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I discovered that I have several options of handwriting styles to teach. How do I choose? Does each style have its own merit, or is it just a matter of personal taste?

My son's fine-motor coordination is not as well-developed yet as many of his peers. Will he have difficulty learning something new? I have considered italic handwriting because there isn't much of a transition from manuscript to cursive, but where his textbooks show examples of handwriting, it is traditional style. Any suggestions?

Children usually learn to print first, then move on to cursive around third or fourth grade. Most homeschooled children I know, my own included, followed this procedure, with some age variance for abilities and learning styles. I have read about italic handwriting being a good compromise. The best part about homeschooling is that you can try whatever method you wish. Stick with it if it works for you, and find another if it doesn't. You have the final say, and your son will benefit from this freedom.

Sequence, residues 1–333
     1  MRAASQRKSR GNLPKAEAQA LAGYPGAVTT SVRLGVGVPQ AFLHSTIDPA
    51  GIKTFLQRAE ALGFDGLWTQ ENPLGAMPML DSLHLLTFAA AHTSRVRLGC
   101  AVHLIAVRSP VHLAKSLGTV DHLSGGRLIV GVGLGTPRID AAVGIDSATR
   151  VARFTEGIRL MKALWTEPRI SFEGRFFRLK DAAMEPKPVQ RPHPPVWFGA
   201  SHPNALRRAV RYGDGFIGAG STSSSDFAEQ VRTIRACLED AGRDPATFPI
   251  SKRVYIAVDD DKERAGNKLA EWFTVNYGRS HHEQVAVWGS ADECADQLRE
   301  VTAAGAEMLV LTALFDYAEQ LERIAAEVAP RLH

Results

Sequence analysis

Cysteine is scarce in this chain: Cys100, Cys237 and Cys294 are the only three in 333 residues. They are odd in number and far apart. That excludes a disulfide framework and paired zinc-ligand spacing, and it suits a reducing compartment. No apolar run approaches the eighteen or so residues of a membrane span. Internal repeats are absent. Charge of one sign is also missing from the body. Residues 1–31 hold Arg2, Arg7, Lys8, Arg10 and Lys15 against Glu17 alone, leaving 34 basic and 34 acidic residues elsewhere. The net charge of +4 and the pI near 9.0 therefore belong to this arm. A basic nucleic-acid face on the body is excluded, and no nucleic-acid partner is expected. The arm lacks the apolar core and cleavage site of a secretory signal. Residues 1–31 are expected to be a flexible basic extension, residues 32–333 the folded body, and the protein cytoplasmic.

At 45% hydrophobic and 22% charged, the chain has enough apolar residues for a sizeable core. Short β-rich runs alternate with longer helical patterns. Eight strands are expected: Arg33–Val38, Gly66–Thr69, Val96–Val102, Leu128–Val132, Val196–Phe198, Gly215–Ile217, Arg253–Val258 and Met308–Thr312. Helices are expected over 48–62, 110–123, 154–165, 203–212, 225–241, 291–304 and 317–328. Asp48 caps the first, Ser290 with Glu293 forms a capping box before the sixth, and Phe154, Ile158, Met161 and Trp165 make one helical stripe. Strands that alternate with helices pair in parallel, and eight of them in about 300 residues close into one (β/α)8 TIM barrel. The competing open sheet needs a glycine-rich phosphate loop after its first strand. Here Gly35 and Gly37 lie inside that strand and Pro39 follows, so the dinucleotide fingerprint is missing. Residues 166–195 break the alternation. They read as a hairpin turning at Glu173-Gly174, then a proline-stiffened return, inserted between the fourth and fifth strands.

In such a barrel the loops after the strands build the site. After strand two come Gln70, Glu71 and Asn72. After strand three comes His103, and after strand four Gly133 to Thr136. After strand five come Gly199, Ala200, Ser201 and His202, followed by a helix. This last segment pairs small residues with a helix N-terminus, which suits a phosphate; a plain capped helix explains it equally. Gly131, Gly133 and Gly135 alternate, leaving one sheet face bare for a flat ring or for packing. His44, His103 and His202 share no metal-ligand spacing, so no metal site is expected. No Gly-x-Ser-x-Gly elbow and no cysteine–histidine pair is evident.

I also feel that five is very young for your son to practice writing skills. My daughters worked on the alphabet -- memorization, letter recognition, and later sounds and combinations, but neither were ready to practice handwriting at five. In fact, my eight-year-old has just now developed the dexterity and desire to write clearly and legibly. Don't compare your son to what other kids are able to do; some kids are verbally advanced, others are more physically competent. This usually has nothing to do with intelligence, but rather different levels of maturity (within a normal range, of course). By six he will experience a growth spurt. You can struggle and spend hours each week teaching him how to write his letters now, or wait a year or so and he'll grasp it in a few short weeks. Focus your energy and attention reading interesting, colorful books to your son every day, and help him develop a love for books and the written word. Then, at seven or eight, when he is more mature, his writing will take off so fast you won't believe it!

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